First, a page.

For this reason, ancient Babylonians designated this broad area of sky as the ‘Celestial Sea’, and filled it with watery constellations. The only bright star in this whole expanse of our sky is Fomalhaut in the southeast, which marks the mouth of the Southern Fish.  Between the ‘teapot’ of Sagittarius and Jupiter (in Taurus, the Bull), are dim zodiacal constellations including Capricornus, the Sea Goat; Aquarius, the Water Carrier; and Pisces, the Fish. The giant sea monster Cetus rises under Pisces.

Moon Phases in October 2012:

Last Quarter                  October 8, 2:33 am
New                               October 15, 7:02 am
1st Quarter                    October 21, 10:33 pm
Full                                 October 29, 2:49 pm

Saturday, October 20, is our annual Astronomy Day at George Observatory, which lasts from 3 to 10 p.m. at our observatory in Brazos Bend State Park. Click here for a full list of activities.

On most clear Saturday nights at the George Observatory, you can hear me do live star tours on the observation deck with a green laser pointer. If you’re there, listen for my announcement.

To enjoy the stars in any weather from the comfort of the HMNS Planetarium, click here for a full schedule.

Would you like email updates on current events in the sky, at the planetarium, and at the George Observatory?  If so, send an email to astroinfo@hmns.org.

Go Stargazing! October Edition

Jupiter is up all night long by month’s end.

 That’s because on Friday night, October 28, Earth passes between the Sun and Jupiter.  In this alignment (‘opposition’) Jupiter rises at dusk and sets at dawn.  Already, Jupiter is a late evening object rising just after 8:30 pm on October 1.  Face east at the appropriate time and look for the brightest thing there—that’ll be Jupiter.   Once up, Jupiter remains up the rest of the night, so the King of Planets continues to dominate the western pre-dawn sky. 

Jupiter as Seen by Voyager 1
Creative Commons License photo credit: Undertow851

Venus begins to emerge from the Sun’s glare late this month.  Look for it low in the west southwest in twilight, especially as Halloween approaches.  This is the beginning of Venus’ apparition as evening star; it gets higher and easier to see for the rest of this year and is spectacular for about the first half of 2012.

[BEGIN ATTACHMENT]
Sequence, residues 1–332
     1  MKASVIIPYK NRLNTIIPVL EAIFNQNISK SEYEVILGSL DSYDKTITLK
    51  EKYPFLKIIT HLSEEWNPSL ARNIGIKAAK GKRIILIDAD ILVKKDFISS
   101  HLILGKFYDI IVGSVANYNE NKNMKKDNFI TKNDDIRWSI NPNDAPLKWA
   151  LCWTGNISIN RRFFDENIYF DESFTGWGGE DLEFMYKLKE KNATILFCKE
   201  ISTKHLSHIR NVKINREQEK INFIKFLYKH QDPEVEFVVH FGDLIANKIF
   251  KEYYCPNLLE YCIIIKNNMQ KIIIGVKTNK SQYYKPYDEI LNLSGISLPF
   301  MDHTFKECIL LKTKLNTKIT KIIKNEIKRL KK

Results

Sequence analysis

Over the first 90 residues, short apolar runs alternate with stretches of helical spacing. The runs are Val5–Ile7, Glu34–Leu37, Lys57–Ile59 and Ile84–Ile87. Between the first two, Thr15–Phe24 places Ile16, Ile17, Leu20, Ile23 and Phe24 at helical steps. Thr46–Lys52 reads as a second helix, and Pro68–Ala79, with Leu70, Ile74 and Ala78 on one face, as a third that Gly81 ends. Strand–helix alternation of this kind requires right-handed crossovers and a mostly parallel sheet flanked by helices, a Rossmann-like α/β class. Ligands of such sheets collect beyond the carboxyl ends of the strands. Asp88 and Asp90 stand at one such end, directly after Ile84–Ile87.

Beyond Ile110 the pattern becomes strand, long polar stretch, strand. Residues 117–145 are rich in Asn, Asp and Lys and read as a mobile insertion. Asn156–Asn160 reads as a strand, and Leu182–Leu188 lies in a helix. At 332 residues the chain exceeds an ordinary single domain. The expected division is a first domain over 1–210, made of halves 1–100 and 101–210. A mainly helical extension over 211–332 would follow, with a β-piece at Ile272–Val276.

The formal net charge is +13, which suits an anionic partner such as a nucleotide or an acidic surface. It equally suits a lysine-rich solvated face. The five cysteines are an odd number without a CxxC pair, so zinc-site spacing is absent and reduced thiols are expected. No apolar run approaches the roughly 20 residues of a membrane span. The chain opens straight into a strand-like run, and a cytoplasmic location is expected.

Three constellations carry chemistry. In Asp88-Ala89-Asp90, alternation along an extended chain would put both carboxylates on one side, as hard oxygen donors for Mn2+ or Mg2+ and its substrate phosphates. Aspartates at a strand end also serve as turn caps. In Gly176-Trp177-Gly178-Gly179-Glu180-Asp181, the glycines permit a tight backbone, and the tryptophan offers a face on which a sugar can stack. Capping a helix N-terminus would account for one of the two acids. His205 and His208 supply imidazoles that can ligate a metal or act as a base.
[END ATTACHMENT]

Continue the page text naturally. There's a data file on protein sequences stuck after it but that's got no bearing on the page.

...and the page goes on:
Mars is now a bit higher in the east at dawn.

It has now brightened to rival first magnitude stars such as Regulus in Leo. As it moves through dim Cancer and towards Leo, Mars is quite identifiable.  Saturn is behind the Sun and invisible.  It is directly in line with the Sun on October 13.  We thus say Saturn is in conjunction with the Sun on that date. 

Antares, brightest star of Scorpius, the Scorpion, sets in the southwest during twilight, with the ‘teapot’ of Sagittarius to its upper left.  Meanwhile, the Summer Triangle is virtually overhead.  As the stars of summer shift to the west, those of autumn fill the eastern sky.   Watch the Great Square of Pegasus rise in the east.  Note that we look towards the center of our galaxy when we face between Scorpius and Sagittarius.  When facing the Great Square or especially south and east of that, we face out of the plane of our galaxy, a direction where there are fewer bright stars.

Assyrian or Babylonian
Creative Commons License photo credit: Ed Bierman

That’s why the large expanse of sky rising under Pegasus seems devoid of bright stars.

For this reason, ancient Babylonians designated this broad area of sky as the ‘Celestial Sea’, and filled it watery constellations.  The only bright star in this whole expanse of our sky is Fomalhaut in the southeast, which marks the mouth of the Southern Fish.  Between the ‘teapot’ of Sagittarius and Jupiter (in Aries, the Ram), are three dim zodiacal constellations—Capricornus, the Sea Goat, Aquarius, the Water Carrier, and Pisces, the Fish.  The giant sea monster Cetus rises under Pisces.

Moon Phases in October 2011:
First Quarter October 3, 10:15 pm
Full October 11, 9:06 pm
Last Quarter October 19, 10:31 am
New October 26, 2:56 pm

Saturday, October 8, is our annual Astronomy Day at the George Observatory.

First Light
Creative Commons License photo credit: Space Ritual

 Come join us anytime from 3 to 10 pm.  On Astronomy Day, it is free to look through even the main domes at George.  Before dusk, we will have solar observing, Challenger Center simulations, outdoor and indoor presentations (beginning at 4) and many other activities! On most clear Saturday nights at the George Observatory, you can hear me do live star tours on the observation deck with a green laser pointer.  If you’re there, listen for my announcement.